Linked by Thom Holwerda on Wed 5th Jan 2011 22:09 UTC
Windows And this is part two of the story: Microsoft has just confirmed the next version of Windows NT (referring to it as NT for clarity's sake) will be available for ARM - or more specifically, SoCs from NVIDIA, Qualcomm, and Texas Instruments. Also announced today at CES is Microsoft Office for ARM. Both Windows NT and Microsoft Office were shown running on ARM during a press conference for the fact at CES in Las Vegas.
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RE[2]: No downside for Microsoft.
by Ravyne on Thu 6th Jan 2011 07:46 UTC in reply to "RE: No downside for Microsoft."
Ravyne
Member since:
2006-01-08

Arm doesn't deal better, and that's kind of the point -- no traditional CPU does or likely ever will. The closest paradigm shift on the horizon is GPGPU, and specifically heterogenous on-chip computing (AMDs Fusion, Nvidia's Tegra2 and Project Denver announcement). The first of these products look like CPUs with little GPUs attached, but over time that will shift towards looking a lot more like big GPUs with little CPUs attached.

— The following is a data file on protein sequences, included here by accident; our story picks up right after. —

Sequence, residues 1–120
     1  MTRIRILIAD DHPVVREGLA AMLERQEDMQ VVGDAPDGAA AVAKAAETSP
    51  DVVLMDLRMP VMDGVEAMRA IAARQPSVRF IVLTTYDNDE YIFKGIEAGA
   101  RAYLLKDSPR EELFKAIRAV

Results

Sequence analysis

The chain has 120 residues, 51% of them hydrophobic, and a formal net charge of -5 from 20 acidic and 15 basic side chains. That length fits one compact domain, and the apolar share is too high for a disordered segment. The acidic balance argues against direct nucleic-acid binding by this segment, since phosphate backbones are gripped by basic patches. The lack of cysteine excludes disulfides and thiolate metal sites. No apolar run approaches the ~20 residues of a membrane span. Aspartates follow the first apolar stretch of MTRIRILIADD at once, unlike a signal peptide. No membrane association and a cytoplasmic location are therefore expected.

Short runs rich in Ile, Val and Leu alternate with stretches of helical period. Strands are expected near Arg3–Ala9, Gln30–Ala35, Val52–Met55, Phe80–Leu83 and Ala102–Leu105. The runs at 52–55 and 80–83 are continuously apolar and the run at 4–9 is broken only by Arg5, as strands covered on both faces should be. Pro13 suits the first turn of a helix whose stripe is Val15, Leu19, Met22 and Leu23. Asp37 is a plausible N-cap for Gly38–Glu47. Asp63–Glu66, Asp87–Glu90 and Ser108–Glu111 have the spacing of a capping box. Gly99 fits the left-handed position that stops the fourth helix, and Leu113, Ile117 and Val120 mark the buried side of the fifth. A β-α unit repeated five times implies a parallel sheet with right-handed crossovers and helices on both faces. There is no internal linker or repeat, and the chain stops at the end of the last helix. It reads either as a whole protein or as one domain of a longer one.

Ultimately there's a limit on how many 'serial' processors (heretofore "CPUs") are useful in a system. parallel processors (heretofore "GPUs") on the other hand, are happy to spread the load across as many computing elements as they have available. Tasks for the GPU are high-throughput data parallel, while tasks suitable for the CPU are, comparatively, low throughput and data-serial or I/O bound -- there's only so much actual compute work to be spread around. Paralell tasks are also the 'sexy' ones -- graphics, gaming, HPC and the Serial tasks are not. Eventually, the CPU will become little more than a traffic-cop routing data into and out-of the GPU.

Now, this, in and of itself is not good for ARM -- they're in no better position than x86, or MIPS or Sparc. What makes this a good thing for ARM is that we are nearing an inflection point where the traditional hardware ISA compatability isn't going to amount to much. Its not actually true that Sparc or MIPS has as good a chance as ARM -- neither are a 'consumer-facing' architecture, yes, only geeks know or care about ARM vs x86, but by consumer-facing I mean that ARM runs what the typical user desires (email, facebook, flash content, streaming video) and does it in form-factors that are popular and while undercutting the competition on price. When the CPU architecture no longer matters a great deal, the x86 (and specifically intel) market share is so high that it can only decline. My argument is that only ARM will be there to pick up the pieces if or when that happens.

There's something of a perfect storm aligning against the traditional lockin Intel and x86 have enjoyed -- heterogenous computing (Fusion, Cuda, OpenCL), the 'cloud', a shift away from desktops to laptops (and eventually smaller iPhone-like devices) -- ARM is ready for this.

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